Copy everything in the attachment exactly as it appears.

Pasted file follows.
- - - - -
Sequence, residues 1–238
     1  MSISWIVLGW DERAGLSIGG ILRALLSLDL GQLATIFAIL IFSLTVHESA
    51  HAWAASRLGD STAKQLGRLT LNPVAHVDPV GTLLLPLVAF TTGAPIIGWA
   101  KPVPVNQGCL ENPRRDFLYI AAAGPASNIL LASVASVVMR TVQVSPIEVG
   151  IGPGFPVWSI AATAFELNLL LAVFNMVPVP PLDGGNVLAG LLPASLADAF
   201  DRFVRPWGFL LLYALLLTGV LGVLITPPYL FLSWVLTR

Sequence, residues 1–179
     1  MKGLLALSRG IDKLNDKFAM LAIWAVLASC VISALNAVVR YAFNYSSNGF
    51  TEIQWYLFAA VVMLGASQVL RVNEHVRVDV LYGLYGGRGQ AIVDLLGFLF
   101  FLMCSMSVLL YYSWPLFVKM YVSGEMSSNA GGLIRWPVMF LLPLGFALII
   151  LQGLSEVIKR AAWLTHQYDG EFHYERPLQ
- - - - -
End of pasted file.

Sequence, residues 1–238
     1  MSISWIVLGW DERAGLSIGG ILRALLSLDL GQLATIFAIL IFSLTVHESA
    51  HAWAASRLGD STAKQLGRLT LNPVAHVDPV GTLLLPLVAF TTGAPIIGWA
   101  KPVPVNQGCL ENPRRDFLYI AAAGPASNIL LASVASVVMR TVQVSPIEVG
   151  IGPGFPVWSI AATAFELNLL LAVFNMVPVP PLDGGNVLAG LLPASLADAF
   201  DRFVRPWGFL LLYALLLTGV LGVLITPPYL FLSWVLTR

Sequence, residues 1–179
     1  MKGLLALSRG IDKLNDKFAM LAIWAVLASC VISALNAVVR YAFNYSSNGF
    51  TEIQWYLFAA VVMLGASQVL RVNEHVRVDV LYGLYGGRGQ AIVDLLGFLF
   101  FLMCSMSVLL YYSWPLFVKM YVSGEMSSNA GGLIRWPVMF LLPLGFALII
   151  LQGLSEVIKR AAWLTHQYDG EFHYERPLQ